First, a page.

“They” say that everything happens for a reason. “They” say that there are no coincidences in life. I don’t know if I really believe that, but certainly I’ve begun to believe in destiny over the past year or so.
Some time ago, I began an e-mail friendship with an Irish actor whom I’d written to on a previous occasion. Over the course of our e-mails, I asked him many questions pertaining to the theatre and acting, since the hero of my current work-in-progress is also an actor. He was unfailingly generous in sharing his theatrical insights and experiences with me.
Eventually I sent him a copy of my first novel, In Sunshine or in Shadow, and I asked him if he thought the cover was as evocative of Ireland as I’d hoped. In reply, he informed me that my cover looked like Dunguaire Castle in Kinvara, Galway. The castle holds medieval banquets during the summer season, and has a show, a literary history of Ireland, that is performed after the meal.
Well, naturally, as soon as I heard that, I had to find out more. So I Googled Dunguaire Castle, and much to my amazement, Dunguaire Castle looked identical to Ballycashel House, as depicted on the cover of In Sunshine or in Shadow.
Here’s what I found out about Dunguaire Castle: Built in 1520 by the O’Hynes clan on the shores of Galway Bay, the castle is believed to have been the royal palace of Guaire Aidhne, the legendary King of Connacht and progenitor of the clan.
This is the backstory I created for Ballycashel House (yes, I do write backstory for my settings): a medieval castle in Galway, by the sea. The name Ballycashel means “town of the castle,” and Ballycashel House sits on the ruins of the castle of the ancient chieftain, Sean Donnelly. It’s said the ghost of the chieftain appears to forewarn of a death in the family.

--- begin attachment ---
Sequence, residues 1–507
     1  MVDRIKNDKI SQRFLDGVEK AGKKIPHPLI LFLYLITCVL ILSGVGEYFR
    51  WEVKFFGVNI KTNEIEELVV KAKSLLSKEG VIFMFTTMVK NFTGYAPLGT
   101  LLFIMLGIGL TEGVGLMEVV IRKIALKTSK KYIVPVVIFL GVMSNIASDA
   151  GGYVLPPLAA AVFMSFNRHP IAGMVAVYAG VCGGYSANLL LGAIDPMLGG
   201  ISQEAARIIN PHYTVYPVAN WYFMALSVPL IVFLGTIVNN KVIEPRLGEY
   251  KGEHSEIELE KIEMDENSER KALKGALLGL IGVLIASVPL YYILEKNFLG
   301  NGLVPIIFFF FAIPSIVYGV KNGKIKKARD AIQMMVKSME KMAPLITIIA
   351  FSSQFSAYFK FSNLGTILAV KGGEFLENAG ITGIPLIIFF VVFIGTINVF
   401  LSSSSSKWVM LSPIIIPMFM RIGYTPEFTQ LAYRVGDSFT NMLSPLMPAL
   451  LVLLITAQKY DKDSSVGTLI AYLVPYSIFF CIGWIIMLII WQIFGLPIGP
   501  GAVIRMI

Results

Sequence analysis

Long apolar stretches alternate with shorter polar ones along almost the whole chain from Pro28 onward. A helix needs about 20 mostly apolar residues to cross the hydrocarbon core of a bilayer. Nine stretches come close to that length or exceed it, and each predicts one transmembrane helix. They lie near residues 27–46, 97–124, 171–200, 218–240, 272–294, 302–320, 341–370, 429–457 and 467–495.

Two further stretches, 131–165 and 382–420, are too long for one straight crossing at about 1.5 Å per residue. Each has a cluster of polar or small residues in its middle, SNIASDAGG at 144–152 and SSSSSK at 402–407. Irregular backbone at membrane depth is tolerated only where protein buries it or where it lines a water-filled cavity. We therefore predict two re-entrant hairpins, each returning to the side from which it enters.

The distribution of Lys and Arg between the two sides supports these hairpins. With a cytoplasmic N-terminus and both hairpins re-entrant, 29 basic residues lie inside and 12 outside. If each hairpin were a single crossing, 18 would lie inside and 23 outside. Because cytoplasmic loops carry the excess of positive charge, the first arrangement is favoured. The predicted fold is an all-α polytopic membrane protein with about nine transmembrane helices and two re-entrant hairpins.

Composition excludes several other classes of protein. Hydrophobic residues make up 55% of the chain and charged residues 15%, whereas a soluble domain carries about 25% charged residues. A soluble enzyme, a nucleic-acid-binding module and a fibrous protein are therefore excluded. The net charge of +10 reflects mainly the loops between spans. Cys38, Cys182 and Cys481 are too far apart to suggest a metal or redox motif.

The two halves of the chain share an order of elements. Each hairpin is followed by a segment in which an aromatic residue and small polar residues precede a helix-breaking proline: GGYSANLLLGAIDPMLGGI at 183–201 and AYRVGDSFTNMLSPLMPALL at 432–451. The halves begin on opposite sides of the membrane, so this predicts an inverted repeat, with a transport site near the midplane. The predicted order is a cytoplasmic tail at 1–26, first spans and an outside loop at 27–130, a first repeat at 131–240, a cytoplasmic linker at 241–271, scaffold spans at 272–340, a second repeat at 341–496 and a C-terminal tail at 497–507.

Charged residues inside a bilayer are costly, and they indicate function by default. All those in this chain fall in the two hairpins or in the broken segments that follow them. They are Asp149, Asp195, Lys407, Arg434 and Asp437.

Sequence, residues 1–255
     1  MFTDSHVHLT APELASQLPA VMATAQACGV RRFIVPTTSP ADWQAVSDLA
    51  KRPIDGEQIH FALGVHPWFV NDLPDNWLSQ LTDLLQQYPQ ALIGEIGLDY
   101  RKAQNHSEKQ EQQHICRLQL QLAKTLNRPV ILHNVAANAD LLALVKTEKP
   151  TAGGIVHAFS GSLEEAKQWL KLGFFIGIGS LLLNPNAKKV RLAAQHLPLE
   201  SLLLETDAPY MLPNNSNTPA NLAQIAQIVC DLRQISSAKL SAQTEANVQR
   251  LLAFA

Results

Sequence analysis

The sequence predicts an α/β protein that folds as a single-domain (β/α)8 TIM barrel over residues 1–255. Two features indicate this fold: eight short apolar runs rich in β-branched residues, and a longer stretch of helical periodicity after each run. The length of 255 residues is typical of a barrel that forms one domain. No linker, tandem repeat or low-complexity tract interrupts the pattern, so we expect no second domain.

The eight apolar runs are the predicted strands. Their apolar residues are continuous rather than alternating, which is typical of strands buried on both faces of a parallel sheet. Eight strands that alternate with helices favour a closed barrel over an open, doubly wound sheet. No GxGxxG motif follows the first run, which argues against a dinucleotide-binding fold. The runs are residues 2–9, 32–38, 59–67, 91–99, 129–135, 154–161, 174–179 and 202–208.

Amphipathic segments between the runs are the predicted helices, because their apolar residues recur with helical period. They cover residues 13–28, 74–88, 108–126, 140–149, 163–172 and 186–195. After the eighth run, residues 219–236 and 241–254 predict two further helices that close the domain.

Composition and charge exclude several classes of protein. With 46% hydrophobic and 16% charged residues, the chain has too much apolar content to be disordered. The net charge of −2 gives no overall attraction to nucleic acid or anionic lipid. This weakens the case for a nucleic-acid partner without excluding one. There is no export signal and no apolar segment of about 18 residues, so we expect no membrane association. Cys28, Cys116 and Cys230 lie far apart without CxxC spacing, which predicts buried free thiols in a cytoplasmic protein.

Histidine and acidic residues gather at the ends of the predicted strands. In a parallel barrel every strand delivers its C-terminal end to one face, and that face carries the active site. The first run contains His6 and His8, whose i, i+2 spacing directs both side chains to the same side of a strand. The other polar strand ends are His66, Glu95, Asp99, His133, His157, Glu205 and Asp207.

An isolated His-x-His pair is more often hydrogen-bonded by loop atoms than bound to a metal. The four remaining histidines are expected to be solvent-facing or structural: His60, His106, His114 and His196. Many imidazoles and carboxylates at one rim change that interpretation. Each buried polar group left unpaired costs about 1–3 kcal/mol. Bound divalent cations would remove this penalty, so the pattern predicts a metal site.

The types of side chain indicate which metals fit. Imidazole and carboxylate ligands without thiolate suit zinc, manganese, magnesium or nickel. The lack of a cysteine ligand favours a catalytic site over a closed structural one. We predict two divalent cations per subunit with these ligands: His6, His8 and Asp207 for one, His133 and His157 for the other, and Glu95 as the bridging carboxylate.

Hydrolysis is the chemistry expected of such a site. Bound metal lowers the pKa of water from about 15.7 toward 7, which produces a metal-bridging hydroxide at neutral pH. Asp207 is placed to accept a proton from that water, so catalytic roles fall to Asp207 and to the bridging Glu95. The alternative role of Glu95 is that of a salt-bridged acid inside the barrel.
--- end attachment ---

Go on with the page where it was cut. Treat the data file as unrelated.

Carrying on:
Fate? Destiny? Coincidence? I don’t know for sure, But I was able to visit Dunguaire last July, and I’m convinced that Dunguaire and Ballycashel are one and the same.
Here’s a lovely bit of a verse taken from the entertainment at Dunguaire Castle, written by Carolyn Swift:
For Guaire, King of Connacht, was famed throughout the land
For unrivalled hospitality and a generous giving hand;
And since the seventh century his right arm legend told,
Was longer than his left from giving gold.
He had a royal palace on a river isle near Gort,
But on this very ground there stood Rath Durlois, his fort,
Which often-we are told-was called “the fort of lasting fame,”
And “white-sheeted fort of soft stones”' was another of its names.
Alas King Guaire feared the saintly bishop of Kilmore,
Though he renounced the crown that should be rightfully his by law,
And determined to settle it without a shade of doubt,
Guaire had the Bishop murdered-but was all too soon found out.
So then, in guilty sorrow at the wrong which he had done,
He traveled to the monks of whom his victim had been one,
And there-in Clonmacnoise,-he died ,within the monastery,
Respected once again by all-the year; six, sixty three.